South Africa would be the proud host of the inaugural summit meeting. Hosting was usually predetermined for a number of years and southern Africa would continue to host the summit for the next eight years. The chairmanship would also be held by SADC countries for the next years. Other countries had expressed definite sensitivities on this issue. There were some delays in the process, especially with regard to the development of procedures and this was partly because related to the decision to hold the summits in the SADC.
The AU's Commission would carry out the functions of a secretariat. The intention was for the Commission to be very streamlined. Contentious issues focussed on the powers and functions of the secretariat and to what extent states may interfere in the affairs of another state.
Other questions were whether South Africa would be prepared to put forward candidates for other senior positions. Once these potential candidates were identified, it would be taken to SADC level. Regional representation would play a major role in the AU and sub-regional groups need to co-ordinate their efforts.
The central organ of the AU would be the peacekeeping mechanism. This would be a major vehicle for the AU in ensuring political stability across the continent.
Mr Mzizi (ANC) was concerned by the number of commissions that seemed to be mushrooming. He asked for greater clarity on the financial considerations of the AU.
An ANC member was concerned by the fact that a chair of the commission could not be re-appointed if he was doing a good job, and what were the financial implications of hosting organs of the AU. Also, what were the nature of the outreach programs in other states?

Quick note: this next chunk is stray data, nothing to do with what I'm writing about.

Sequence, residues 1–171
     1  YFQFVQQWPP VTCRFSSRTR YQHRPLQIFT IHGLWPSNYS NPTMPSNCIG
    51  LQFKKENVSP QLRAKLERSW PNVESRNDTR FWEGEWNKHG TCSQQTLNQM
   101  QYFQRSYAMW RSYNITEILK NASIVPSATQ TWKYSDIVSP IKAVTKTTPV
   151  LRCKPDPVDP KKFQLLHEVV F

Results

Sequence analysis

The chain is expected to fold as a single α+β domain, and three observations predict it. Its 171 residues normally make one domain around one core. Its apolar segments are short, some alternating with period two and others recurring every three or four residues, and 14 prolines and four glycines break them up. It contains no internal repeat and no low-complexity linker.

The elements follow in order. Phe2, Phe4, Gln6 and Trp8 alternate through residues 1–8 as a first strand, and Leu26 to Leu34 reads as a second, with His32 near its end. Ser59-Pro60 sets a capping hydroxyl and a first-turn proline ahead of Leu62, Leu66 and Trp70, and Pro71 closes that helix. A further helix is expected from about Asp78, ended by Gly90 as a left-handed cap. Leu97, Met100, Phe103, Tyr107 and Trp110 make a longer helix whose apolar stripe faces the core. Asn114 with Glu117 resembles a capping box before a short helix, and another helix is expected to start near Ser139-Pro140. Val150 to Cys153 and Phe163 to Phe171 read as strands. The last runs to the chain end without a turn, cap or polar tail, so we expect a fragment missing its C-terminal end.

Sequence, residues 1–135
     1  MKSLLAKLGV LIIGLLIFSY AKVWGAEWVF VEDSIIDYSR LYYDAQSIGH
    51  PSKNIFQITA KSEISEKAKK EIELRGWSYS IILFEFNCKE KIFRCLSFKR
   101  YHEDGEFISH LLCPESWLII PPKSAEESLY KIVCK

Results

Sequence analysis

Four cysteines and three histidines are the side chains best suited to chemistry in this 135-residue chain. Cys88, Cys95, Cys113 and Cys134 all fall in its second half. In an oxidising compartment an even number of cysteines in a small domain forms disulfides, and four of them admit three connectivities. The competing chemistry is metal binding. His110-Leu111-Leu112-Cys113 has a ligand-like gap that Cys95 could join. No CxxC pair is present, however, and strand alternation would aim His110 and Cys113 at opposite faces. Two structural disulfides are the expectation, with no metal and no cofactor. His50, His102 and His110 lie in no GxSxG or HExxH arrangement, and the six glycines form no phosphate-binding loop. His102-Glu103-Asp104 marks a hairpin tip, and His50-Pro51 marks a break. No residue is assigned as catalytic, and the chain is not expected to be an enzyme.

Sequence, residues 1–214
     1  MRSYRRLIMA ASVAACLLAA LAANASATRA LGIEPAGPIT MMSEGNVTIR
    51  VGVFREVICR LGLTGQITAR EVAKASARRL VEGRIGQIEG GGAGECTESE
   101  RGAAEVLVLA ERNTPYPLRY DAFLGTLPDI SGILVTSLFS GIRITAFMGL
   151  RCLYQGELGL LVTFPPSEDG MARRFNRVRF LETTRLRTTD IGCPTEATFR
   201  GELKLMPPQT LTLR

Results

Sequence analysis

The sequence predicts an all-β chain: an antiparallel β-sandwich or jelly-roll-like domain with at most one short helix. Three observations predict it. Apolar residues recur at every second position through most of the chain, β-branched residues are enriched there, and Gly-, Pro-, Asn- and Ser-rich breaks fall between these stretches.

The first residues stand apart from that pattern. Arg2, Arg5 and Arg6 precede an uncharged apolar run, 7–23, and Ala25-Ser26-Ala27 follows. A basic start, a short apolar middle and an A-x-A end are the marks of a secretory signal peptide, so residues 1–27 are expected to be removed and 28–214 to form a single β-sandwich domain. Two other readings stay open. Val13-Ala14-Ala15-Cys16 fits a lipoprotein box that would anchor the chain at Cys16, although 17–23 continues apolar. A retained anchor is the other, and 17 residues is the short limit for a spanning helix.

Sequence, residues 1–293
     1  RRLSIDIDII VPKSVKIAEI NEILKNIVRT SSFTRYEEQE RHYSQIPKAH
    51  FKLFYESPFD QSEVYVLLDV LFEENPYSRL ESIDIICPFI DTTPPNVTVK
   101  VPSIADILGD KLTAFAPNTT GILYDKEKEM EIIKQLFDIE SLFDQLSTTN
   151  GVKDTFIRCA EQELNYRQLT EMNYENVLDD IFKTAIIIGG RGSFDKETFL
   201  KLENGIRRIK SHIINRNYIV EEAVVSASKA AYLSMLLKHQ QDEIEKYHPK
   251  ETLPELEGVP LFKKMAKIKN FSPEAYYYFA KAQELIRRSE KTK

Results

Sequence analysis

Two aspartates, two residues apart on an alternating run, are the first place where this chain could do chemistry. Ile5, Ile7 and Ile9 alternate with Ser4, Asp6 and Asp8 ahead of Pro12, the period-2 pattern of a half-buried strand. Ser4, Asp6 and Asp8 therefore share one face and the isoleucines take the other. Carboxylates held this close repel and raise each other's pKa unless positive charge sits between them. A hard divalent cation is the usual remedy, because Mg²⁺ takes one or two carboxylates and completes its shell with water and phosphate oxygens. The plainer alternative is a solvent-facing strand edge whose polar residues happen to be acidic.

Adv J De Lange (ANC) said that, in his opinion, the AU would not be a magical new structure that appeared out of nothing in July. It seemed more like taking an existing structure and transforming it into something new. The modalities of the transition need to be worked out, but those did not appear to be clear. Regarding the central organ, he questioned why the African parliament was left out of the process. The central organ was a vital structure that would work closely with the UN Security Council and he was concerned that the OAU would go to the AU with a proposal regarding this.
Ms Castleman replied that technically, everything was on track for the launching of the summit in July. The SADC point of view was that it wanted the Ministers to decide now on the Rules of Procedure, but that this did not impact the launch itself. At present, the chairperson could be appointed for a period of 4 years with a renewable contract. This may have the effect of losing a good person but this would also ensure the loss of a bad chairperson. There was a built-in procedure to ensure that the chairperson would deliver. The SADC did not want a political head to head the Commission. It was important to place someone with strong administrative skills in that position. A board would be set up to appoint people on merit. Even the ordinary staff of the commission would have to reapply for their jobs in order to ensure deliverance.
On the question of outreach programs, Ms Castleman stated that states bore the onus of familiarising their populations with the AU. It was a daunting task and would mostly take the form of an advertising campaign.